Years ago, Rabbi Byron Sherwin z”l taught a class titled “What is Judaism?” He referenced his newly published book, Finding Faith in Meaning. He mentioned the extent of the challenges faced by those Conversos who had escaped into areas where they could openly practice Judaism. He stated:
“Despite their sincere desire to return to the Jewish faith and the Jewish fold, [who had fled the Iberian Peninsula] had many obstacles to overcome. Though they had left Spain and Portugal behind, though many had divested themselves of Christianity, though many had exchanged their Spanish names for Hebrew names, and though some had accepted harsh penances as the price of “return,” most “new Jews” retained the culture and the language of Spain and Portugal. They not only remained influenced by Christian doctrines but also intended to understand the nature of Jewish identity and Judaism through the prism of Spanish-Catholic teachings. As one of them put it, ‘It is truly difficult to desert a religion which one has known from the cradle.’ ”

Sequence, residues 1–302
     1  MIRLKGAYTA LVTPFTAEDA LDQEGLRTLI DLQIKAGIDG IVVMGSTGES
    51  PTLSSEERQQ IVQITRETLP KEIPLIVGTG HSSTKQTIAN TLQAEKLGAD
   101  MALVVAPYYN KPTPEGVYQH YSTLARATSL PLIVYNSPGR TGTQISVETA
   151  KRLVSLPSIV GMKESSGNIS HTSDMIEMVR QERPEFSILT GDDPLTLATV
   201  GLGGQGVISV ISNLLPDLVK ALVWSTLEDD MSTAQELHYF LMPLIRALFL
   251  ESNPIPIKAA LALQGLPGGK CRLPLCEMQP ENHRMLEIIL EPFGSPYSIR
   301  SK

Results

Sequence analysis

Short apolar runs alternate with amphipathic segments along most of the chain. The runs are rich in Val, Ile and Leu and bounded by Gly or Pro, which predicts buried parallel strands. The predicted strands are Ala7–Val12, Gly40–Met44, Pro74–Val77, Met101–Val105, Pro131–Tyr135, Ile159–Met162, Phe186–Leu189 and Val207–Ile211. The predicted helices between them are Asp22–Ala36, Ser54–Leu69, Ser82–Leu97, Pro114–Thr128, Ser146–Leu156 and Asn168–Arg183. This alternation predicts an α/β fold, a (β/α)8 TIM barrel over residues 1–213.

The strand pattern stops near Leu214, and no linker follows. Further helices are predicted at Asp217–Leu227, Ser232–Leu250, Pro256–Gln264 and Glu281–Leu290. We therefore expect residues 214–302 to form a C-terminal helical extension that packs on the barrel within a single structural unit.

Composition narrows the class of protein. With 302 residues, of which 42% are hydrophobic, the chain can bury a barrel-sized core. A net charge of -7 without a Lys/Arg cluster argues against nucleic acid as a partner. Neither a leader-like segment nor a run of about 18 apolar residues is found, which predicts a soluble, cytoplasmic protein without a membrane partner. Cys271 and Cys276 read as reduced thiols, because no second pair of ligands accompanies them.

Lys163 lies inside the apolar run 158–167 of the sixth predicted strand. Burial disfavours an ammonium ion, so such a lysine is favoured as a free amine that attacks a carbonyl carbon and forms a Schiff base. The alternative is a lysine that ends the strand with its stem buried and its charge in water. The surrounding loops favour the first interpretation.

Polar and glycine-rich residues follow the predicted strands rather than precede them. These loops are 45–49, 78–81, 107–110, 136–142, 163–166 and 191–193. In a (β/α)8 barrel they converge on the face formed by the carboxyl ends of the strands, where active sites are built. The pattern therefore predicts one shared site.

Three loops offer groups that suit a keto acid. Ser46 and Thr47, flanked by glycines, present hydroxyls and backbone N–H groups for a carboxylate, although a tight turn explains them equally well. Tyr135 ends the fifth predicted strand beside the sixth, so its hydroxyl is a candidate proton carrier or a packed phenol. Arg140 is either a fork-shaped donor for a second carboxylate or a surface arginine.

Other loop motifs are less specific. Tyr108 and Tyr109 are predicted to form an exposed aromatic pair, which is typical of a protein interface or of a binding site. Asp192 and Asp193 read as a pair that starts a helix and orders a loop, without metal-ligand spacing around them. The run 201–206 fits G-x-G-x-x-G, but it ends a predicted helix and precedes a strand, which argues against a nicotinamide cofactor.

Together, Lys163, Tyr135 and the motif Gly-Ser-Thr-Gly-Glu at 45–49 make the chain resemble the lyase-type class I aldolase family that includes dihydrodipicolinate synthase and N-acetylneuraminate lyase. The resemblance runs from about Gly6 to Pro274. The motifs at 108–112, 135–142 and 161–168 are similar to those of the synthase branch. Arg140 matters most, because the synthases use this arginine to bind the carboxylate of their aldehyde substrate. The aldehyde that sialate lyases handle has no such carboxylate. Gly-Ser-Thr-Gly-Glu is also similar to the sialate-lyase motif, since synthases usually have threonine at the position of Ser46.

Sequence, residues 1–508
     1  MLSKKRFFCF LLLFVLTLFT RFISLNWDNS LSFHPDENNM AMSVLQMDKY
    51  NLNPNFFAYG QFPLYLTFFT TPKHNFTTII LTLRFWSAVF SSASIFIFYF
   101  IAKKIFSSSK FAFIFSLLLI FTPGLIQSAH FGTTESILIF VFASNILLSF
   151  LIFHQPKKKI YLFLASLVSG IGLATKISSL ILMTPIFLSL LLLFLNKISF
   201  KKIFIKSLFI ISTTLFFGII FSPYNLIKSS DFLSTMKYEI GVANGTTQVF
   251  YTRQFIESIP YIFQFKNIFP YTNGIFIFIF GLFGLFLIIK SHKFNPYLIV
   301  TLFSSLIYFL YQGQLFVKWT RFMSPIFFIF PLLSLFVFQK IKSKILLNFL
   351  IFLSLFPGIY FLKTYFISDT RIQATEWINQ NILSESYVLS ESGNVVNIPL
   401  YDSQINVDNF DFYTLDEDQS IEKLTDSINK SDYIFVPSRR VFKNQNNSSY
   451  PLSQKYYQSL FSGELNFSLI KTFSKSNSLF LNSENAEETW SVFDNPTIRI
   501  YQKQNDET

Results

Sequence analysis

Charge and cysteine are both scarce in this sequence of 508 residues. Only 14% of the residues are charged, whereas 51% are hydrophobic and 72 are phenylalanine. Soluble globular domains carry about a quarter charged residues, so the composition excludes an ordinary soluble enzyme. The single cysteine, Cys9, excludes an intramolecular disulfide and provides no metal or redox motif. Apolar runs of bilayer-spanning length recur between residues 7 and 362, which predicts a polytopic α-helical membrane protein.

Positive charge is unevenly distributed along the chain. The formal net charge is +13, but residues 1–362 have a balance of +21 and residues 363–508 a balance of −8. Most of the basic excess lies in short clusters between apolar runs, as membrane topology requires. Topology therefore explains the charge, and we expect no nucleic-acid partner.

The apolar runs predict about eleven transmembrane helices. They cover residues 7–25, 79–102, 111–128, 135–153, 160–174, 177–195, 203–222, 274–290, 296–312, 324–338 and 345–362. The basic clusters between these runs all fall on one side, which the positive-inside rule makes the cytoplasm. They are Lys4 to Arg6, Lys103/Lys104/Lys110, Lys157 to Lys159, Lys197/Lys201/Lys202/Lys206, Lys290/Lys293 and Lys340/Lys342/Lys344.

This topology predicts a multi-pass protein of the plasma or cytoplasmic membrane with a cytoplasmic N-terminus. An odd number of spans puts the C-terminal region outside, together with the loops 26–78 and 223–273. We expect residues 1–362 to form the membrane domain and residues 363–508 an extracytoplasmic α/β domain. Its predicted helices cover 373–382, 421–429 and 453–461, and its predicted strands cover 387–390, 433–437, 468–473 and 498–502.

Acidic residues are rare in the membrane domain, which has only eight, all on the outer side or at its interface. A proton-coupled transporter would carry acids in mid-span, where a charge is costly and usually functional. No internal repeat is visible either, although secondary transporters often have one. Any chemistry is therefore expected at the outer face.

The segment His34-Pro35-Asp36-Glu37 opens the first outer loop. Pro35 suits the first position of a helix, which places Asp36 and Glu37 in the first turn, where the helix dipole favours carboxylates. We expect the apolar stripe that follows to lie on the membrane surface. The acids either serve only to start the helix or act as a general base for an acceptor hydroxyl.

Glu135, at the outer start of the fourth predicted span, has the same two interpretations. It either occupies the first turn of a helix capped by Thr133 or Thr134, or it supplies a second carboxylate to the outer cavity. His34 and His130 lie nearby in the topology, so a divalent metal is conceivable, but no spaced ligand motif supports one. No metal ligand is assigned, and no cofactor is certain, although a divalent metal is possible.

What was striking is that Rabbi Sherwin continued in his lecture by stating that American Jews were effectively Conversos. That is, the American Jewish experience is reflective of what Rabbi Sherwin referred to as the Protestantization of Judaism. Jews are living in two worlds. American Jews of all backgrounds, Reform, Conservative, and even Orthodox have been heavily influenced by Christian patterns of thought even as they have striven to live Jewish lives.
The impact is sometimes indirect while more explicit in others. The comparison to Conversos lies in the fact that many Conversos struggled to keep a sliver of Judaism alive but it was often impossible for them not be influenced by the dominant Christian environment. The American Jewish experience, albeit, is a different once in the sense that American Jews have been subject to a largely receptive country where Jews have prospered openly as Jews. America has been wonderful for Jews. The question Rabbi Sherwin posed was whether America had been wonderful for Judaism.
Its a challenging question and the study of the Converso experience is a helpful exercise in understanding and reflecting on other Jewish issues.
 Byron Sherwin, Finding Faith in Meaning: A Theology of Judaism, (Oxford: Oxford University Press, 2009), p. 6.